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Why Business has gone to the cloud ?
Companies today are under pressure from the economy; changing technology; changing customer, employee, and partner
expectations; and the need to compete in an increasingly complex connected global economy. To adequately respond to
these pressures, businesses are looking to use technology as the lever for and the underpinning of new, innovative
approaches to business. The cloud is a critical part of that strategy for most businesses and supports other key
technologies like mobility, decision support systems, and collaboration/social systems.
By moving ERP systems to
the cloud, companies can gain
an assortment of
technological and business
benefits. Enterprise IT is
embracing cloud-based ERP
for many reasons, including:
Ease of deployment
Pay for only what you use
Quicker deployments leading to faster time to value and freeing up resources for more strategic initiatives
More flexible and scalable solutions to provide long-term support for growth and expansion
The choice of public, private, or hybrid cloud is a strategic business decision and should be examined closely. There are
benefits, costs, and risks with each model as well as regulatory and compliance issues that vary by industry.
When companies look at the cloud, there are many factors that influence the decision to move all or some of their
applications to the public cloud.
Highlights the top 5 drivers in terms of choice
Platform as a Service
Software as a Service
DIFFERENT Shades of Cloud
Infrastructure as a Service
ERP in the Cloud and the Modern Business
*Software as a Service (SaaS) and cloud-based business application services will grow from $13.4 billion in 2011 to $32.2 billion in 2016, a fiveyear CAGR of 19.1%
*Public and private cloud computing will be strong catalysts of server growth through 2015. IDC reports that $5.2B in worldwide server
revenue was generated in 2011 or 885,000 units sold. IDC is forecasting a $9.4B global market by 2015, resulting in 1.8 million servers sold.
* IDC reports that enterprise cloud application revenues reached $22.9B in 2011 and is projected reach $67.3B by 2016, attaining a CAGR of
24%. IDC also predicts that by 2106, $1 of every $5 will be spent on cloud-based software and infrastructure. Report, Worldwide SaaS and
Cloud Software 2012–2016 Forecast and 2011 Vendor Shares.
SaaS & Open Source ERP
Increasingly in today’s marketplace companies are turning to web-based and SaaS services in which a third party hosts
the application. The underlying software driving the SaaS solution can be either commercial or open source.
Salesforce is an example of a commercial solution that supplies both software and services and supports itself by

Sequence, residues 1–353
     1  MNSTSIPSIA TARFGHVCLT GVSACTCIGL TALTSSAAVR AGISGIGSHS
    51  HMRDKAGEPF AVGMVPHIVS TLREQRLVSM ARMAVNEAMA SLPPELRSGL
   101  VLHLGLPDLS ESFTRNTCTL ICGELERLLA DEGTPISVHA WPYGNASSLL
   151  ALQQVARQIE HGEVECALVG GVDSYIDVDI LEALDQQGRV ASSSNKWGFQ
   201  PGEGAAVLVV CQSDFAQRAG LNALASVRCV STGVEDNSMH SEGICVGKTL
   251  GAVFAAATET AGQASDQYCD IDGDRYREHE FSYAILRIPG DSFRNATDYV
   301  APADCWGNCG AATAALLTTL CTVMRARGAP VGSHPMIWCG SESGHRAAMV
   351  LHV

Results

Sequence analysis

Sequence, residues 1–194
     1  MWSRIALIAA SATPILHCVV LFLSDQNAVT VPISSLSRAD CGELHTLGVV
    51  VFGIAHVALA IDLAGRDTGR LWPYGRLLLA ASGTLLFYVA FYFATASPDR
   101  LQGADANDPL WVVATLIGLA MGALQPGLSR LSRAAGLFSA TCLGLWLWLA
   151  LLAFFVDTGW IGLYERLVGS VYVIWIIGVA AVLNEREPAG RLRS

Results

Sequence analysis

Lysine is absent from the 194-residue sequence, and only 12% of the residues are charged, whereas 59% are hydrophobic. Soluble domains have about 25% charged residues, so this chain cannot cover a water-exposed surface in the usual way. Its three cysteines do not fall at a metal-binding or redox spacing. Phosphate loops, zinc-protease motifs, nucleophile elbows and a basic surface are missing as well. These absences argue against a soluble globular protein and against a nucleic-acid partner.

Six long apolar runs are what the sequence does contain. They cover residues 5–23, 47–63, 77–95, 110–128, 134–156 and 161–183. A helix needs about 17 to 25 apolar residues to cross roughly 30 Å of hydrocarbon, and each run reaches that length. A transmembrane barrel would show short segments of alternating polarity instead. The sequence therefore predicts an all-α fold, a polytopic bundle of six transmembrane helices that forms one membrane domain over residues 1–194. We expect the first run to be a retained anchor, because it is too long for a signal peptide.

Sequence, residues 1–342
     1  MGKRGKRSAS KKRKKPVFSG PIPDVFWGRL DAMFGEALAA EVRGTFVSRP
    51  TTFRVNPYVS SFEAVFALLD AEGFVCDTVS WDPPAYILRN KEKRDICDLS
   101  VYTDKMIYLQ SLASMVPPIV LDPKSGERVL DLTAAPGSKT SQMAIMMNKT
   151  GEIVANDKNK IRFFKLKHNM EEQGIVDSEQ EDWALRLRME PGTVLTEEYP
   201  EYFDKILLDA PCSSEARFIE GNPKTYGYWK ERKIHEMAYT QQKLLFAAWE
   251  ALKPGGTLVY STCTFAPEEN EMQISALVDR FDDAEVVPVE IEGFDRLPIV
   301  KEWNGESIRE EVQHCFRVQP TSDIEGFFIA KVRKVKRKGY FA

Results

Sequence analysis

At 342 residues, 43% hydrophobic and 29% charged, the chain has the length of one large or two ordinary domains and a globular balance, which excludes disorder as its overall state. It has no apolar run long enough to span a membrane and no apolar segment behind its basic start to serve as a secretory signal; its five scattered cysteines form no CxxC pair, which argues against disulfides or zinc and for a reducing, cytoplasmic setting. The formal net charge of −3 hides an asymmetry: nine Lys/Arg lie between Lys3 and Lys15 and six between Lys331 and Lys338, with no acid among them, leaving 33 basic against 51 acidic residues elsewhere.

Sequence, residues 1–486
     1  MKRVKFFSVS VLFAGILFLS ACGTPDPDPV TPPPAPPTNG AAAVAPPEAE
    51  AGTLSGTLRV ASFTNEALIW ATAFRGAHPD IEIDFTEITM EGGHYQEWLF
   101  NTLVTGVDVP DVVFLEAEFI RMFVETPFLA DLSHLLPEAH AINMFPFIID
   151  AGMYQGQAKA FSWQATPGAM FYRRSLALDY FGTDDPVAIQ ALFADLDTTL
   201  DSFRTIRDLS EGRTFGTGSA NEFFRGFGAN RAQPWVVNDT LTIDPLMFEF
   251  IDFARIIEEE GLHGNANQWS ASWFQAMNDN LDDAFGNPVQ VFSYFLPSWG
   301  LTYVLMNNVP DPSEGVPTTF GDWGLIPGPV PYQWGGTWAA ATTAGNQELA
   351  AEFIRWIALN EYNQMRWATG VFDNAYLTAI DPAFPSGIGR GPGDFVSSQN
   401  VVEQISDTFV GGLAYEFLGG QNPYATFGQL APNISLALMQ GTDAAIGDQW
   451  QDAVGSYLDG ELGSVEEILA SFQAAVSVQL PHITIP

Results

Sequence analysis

charging for software, services, configuration, training, and customizations.
In the case of open-source software, a SaaS solution is only available through service providers who charge for the
providing services that can range from simple hosting to full application support.
SaaS and the Cloud
SaaS ERP and Open Source
Open source is estimated to account for
approximately 1.5% of the total ERP
market. For a long time companies that
wanted ERP could only choose from
among various proprietary commercial
solutions. Recently, however, more open
source ERP solutions have matured.
The three most popular netnew SaaS solutions deployed
are CRM (49%), Enterprise
Content Management (ECM)
(37%) and Digital Content
The three most-replaced onpremise
Supply Chain Management
platforms and social software
suites (34%) and Project &
Portfolio Management (PPM
(33%). The following graphic
shows the full distribution of
Gartner is predicting Infrastructure-as-a-Service (IaaS), cloud management & security devices, and Platform-asa-Service (PaaS) are growing from $7.6B in 2011 to $35.5B in 2016, a CAGR of 36%.
The global Platform-as-a-Service (PaaS) market is growing from $900M in 2011 to $2.9B in 2016, achieving a 26.6%
CAGR. At this projected rate, PaaS will generate an average of $360M a year in revenue between 2011 and 2016.
Gartner projects that the largest segments will be Application Platform Services (aPaaS) which generated 35% of total
PaaS spending in 2011, followed by cloud application lifecycle services (12.5).
In 2011, the worldwide enterprise application software market generated $115.1B in revenue, and is
projected to grow to $157.6B by 2016, attaining a 6.5% CAGR in the forecast period. Gartner reports
that 38% of worldwide enterprise software revenue is from maintenance and technical support; 17% from
subscription payments; and 56% from on-going revenue including new purchases
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